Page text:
Graduation & Reformation

My calendar tells me that 4 years ago today, I sat down to start working on TCM’s Fall Newsletter for the first time. Like so many things in that first year, the task was foreign to me, and I likely started by googling “How to make a newsletter.”

Four years ago, I was a “freshman” who didn’t know anybody and couldn’t find my way around campus. I was privy to the same learning curve as all the first year students, and we figured it out together. It’s hard to explain how it felt to sit at Baker Stadium last May watching the graduation ceremony – seeing the students with whom I’d begun this journey making their exit.

As this new school year starts, there is movement and momentum, but it is also a new beginning.

I’ve started preaching through a series this Fall that I led during my first year called, “To Doubt is Divine”. In the series, we explore the role of doubt in a growing and maturing faith. The series was incredibly well-received the first time and was an influential part of the faith formation of the class of 2015.

I intended to save myself time by giving the series a second run, but instead I found myself disconnected from the words I’d written four years ago. They were somebody else’s words, written by someone in his 20’s, someone with fewer kids, someone who hadn’t yet met some of his best friends, and someone who hadn’t yet read books that hadn’t yet been written.

Writing brand new sermons on a familiar topic, I saw again that while there is movement and momentum, this is also a new beginning.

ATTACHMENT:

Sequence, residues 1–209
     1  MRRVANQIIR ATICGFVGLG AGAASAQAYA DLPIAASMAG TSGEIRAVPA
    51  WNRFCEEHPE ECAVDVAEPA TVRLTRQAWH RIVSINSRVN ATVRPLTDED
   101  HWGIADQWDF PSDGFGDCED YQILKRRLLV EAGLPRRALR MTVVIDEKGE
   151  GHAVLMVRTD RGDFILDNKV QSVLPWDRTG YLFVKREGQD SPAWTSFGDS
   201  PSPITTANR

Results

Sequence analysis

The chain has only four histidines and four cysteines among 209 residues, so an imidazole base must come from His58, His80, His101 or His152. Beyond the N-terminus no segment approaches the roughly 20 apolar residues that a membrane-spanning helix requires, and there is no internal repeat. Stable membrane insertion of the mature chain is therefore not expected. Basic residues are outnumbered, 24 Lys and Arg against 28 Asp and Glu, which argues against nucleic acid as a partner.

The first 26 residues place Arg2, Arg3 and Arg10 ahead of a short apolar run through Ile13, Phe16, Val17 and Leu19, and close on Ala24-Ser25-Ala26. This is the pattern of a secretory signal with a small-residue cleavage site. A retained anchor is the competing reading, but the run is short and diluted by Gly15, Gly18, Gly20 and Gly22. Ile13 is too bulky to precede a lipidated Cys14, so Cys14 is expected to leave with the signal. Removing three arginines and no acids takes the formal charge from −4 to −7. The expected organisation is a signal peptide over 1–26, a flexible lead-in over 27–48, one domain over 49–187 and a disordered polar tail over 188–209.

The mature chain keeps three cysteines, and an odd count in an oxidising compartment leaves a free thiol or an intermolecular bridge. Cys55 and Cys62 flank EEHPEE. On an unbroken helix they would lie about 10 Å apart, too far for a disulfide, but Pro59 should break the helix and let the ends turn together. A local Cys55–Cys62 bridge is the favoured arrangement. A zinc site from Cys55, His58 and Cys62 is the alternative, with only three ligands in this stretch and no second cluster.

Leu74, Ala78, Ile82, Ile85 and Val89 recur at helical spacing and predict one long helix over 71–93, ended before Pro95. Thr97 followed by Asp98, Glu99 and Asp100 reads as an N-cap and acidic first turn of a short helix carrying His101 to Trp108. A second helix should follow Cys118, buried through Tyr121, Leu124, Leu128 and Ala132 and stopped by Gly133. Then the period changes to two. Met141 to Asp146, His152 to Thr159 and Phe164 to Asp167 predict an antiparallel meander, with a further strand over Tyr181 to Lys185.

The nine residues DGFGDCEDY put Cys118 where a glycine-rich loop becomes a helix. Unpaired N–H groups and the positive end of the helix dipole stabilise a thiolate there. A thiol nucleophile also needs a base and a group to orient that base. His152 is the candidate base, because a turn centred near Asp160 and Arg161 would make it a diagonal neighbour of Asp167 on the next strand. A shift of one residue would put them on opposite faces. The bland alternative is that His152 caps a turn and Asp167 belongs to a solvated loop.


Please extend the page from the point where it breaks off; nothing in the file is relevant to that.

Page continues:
The Body of Christ in the West seems to be finding itself in a similar moment. Diana Butler Bass and Phyllis Tickle, among others, argue that the Church is in the midst of its fourth major reformation. Reformations are messy and painful times of transition where our established authorities, assumptions, and traditions get re-examined, re-imagined, and at times, discarded. The last major shift came during the Protestant Reformation, and countless books have been written detailing the impact of that transition on both the Church and world history.

If these historians are right, the shifts we now experience will fill future history books. But you and I don’t get to read those books. We get the incredible gift of being present in this time, every one of us gently nudging us towards some uncertain and unwritten future. And we carry an incredible responsibility to the young people that TCM serves: to ensure that they are spiritually mature enough and prepared to lead us through a reformation.

There is movement and momentum, but also a new beginning.

Life born out of death; rebirth; new creations; this is what we do and this is who we are as followers of Christ.